"His Majesty was reckless, he and young princes were sorely wounded but we have every hope they'll live."
Bilbo breathed and a new host of fears rushed in to fill the sudden enormous vacancy.
What about Bofur? Hadn’t he joked that he was going to die looking better than a simple miner deserved, arrayed in a glittering topaz-encrusted breastplate crowned by his lucky hat? Ori, who he'd last seen grimly guarding Nori's left, who had worn fraying mittens under his greaves? Bombur, who had waded like an armored wrecking ball after Bifur's mad charges into the heaviest fighting, gold-scrolled war hammer in one hand and his old iron spoon in the other? Balin, who seemed too old and kind for yet another battle smiling wryly at death from the battlements of the Gate while Dwalin roared out war cries and grinned.
It was unthinkable to pick a favorite. Names jostled and crowded on the tip of his tongue so in the end he choked out
"...and the rest?"
"We are still thirteen, Master Baggins."
They had been fourteen once.
Bilbo pressed his less-bloody hand into his eyes. Pink tears dripped down his chin.
Thank the Valar, thank Aule and Ilúvatar and any Maiar who care to hear me.
"Well..." Dori seemed at a loss for words. Protocol clearly did not cover this. Technically Bilbo was still a traitor, persona non-grata and an enemy of the crown, but what the dwarf said was "Well aren't you a sight! At least it seems you've missed the worst of it! Usually we put those as can walk on the wagons to Laketown but you sit right here and someone will be by to have a look. Mahal bless, What I wouldnt give to have a speck of mint to throw in a pot..."
He bustled away, and without him the world was grey and flat again, even in the presence of such good news.
"So, That's that" Bilbo thought numbly "Here is the end of the story, and here I stand as useless as a dangling thread."
He had to leave. Kindness seemed intolerable in that moment, in fact he felt certain it would shatter him. It would be too cruel to pretend that he could sit here, have a cup of mint tea and then go see everyone. They were heroes now and he was just a hobbit whose part in the quest was long over. The story would flow onward, expanding without him like a river finally finding the sea, all that was left was to attempt a graceful exit.
He limped to a nearby wagon, pulled himself up, and wedging himself into a corner next to a bandaged Man, fell into a consuming fevered sleep as the wagon rolled out and away towards kinder ground.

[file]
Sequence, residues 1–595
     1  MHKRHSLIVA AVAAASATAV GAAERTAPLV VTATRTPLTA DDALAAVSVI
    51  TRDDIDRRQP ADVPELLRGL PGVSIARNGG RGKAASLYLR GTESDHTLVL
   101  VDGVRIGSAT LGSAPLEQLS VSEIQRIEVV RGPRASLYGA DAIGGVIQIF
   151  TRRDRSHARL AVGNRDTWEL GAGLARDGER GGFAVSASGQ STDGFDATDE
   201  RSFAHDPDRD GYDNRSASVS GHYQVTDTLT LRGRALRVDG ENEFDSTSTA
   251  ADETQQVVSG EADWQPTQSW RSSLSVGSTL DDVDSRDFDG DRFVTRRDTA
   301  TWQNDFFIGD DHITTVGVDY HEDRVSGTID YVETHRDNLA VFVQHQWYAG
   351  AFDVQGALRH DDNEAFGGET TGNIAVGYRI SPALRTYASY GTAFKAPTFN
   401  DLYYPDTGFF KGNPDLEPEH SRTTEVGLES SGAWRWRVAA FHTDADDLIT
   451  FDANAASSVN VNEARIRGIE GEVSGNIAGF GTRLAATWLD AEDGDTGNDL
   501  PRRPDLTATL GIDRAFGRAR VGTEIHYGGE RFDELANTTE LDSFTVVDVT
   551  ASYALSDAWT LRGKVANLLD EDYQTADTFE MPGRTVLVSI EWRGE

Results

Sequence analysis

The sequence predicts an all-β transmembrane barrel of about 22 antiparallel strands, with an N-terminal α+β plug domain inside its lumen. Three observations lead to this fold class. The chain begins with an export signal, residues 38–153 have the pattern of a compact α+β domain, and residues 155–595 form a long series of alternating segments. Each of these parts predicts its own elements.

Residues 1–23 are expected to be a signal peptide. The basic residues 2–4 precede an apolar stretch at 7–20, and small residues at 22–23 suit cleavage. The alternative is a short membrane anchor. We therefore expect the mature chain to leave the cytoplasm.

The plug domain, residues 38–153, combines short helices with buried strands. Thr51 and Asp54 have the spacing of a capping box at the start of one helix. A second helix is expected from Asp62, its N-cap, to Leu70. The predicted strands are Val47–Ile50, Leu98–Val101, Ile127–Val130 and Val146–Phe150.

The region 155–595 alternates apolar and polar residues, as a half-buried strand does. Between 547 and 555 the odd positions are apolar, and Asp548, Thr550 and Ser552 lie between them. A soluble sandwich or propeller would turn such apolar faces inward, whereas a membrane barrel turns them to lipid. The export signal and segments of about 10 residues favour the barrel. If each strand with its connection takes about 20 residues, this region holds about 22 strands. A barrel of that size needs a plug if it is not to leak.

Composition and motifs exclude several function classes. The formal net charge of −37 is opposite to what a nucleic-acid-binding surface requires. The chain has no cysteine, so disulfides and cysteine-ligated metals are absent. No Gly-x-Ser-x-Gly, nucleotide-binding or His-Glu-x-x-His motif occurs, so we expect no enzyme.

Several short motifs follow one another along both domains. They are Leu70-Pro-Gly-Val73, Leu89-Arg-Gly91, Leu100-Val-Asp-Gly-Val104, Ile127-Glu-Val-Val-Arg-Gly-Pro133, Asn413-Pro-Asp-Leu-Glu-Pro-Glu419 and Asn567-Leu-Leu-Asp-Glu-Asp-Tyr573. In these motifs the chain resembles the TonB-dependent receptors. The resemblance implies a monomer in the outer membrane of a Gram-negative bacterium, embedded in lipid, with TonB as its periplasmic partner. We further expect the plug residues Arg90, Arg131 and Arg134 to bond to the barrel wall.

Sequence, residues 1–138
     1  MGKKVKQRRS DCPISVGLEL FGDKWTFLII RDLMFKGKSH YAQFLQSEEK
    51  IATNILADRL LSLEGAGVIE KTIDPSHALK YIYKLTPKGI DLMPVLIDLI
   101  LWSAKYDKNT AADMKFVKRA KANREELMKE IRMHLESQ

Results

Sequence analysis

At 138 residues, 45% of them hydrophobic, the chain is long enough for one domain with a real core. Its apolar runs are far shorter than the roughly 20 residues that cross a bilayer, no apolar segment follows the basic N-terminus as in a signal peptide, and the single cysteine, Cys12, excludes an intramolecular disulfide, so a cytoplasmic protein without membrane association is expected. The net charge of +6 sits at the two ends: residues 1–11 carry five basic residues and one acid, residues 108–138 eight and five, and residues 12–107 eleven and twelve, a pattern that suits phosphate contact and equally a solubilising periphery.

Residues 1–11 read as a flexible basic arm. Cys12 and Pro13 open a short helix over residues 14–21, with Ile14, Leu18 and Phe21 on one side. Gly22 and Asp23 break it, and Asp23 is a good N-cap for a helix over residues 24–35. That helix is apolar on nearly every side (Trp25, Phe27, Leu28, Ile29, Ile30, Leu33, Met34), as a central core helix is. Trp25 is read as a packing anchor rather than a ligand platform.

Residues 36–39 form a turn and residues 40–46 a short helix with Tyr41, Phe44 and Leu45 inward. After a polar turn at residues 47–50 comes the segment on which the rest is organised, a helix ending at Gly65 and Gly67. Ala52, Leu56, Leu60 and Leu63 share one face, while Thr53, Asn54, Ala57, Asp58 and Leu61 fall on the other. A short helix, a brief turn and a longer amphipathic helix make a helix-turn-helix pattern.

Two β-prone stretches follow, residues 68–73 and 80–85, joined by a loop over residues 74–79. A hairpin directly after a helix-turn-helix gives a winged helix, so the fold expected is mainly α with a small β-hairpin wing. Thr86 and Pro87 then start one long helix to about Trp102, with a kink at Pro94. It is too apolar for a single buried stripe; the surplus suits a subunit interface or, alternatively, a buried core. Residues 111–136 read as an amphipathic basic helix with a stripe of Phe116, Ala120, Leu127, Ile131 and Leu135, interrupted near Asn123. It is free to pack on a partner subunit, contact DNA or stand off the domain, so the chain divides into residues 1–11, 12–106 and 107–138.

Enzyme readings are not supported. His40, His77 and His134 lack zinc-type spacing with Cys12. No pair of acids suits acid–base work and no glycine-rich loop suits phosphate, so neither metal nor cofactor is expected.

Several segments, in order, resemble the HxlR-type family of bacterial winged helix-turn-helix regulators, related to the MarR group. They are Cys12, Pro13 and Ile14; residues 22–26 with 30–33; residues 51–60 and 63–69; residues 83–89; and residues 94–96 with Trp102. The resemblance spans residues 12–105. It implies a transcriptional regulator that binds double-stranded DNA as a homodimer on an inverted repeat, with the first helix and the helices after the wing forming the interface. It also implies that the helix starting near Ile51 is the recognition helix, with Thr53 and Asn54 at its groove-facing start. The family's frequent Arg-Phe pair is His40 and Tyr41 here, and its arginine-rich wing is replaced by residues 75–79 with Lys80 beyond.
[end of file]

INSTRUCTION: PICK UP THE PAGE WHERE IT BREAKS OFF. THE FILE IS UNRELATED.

The next night saw him sweating on a pallet in a tiny storage room under the roof beams of an inn. The downstairs rooms were packed with other patients and he had yielded the Big Folk their much needed space. Man-sized quarters felt too vast for him anyway with the feeling that he could roll under the bed like an old boot and never be found. The supplies had mostly been cleared out - all that was left was an old horse blanket that felt quite fine after months of hard travel and a bound ledger book, barely used and mostly blank, gathering dust next to its companion bottle of ink.
It was in that room that Bilbo Baggins began flattening the most glorious, significant thing in his life into a children's fairy tale.
The first colors that returned to him were blue and gold. He could see a sliver of sky out of his little window and it was safe enough, being neither gems nor eyes. Downstairs a man had shown off a flattened chalice, fallen from Smaug's underbelly and laughed about how he'd use the money to start fixing up his granddad's brewery in Dale. Bilbo had looked at the sparkling thing and felt the coins shifting under his feet, the dragon's breath on his face and went to bed without eating dinner.
In the book there was a sky-blue hood with a gold tassel and not a word about the color of the dwarf-king's eyes.
The first feelings that returned out of the numb fog were less welcome. There was a day where he was alight with relief and gratitude and made strides into an equally light-hearted prologue and the bit with the trolls. Then immediately afterward came a string of days where he stared at the quill and the empty page and tried to reconcile the cold rage and wet wailing sorrow that seemed to be the only things left in him after he'd almost stopped a war and after the person he'd killed for, had faced down a dragon for, judged his loyalty and love worth less than a pretty rock.
For the first time in his life his dreams turned against him. When he closed his eyes he saw Fili and Kili kneeling in each others arms, spears and arrows sticking out of their backs like black wings. He saw black and silver hair against a bloodstained pillow.
Maybe that was the reason he wrote what he did, eventually. He must have believed that if he could somehow trap that possibility in words it would never come to pass.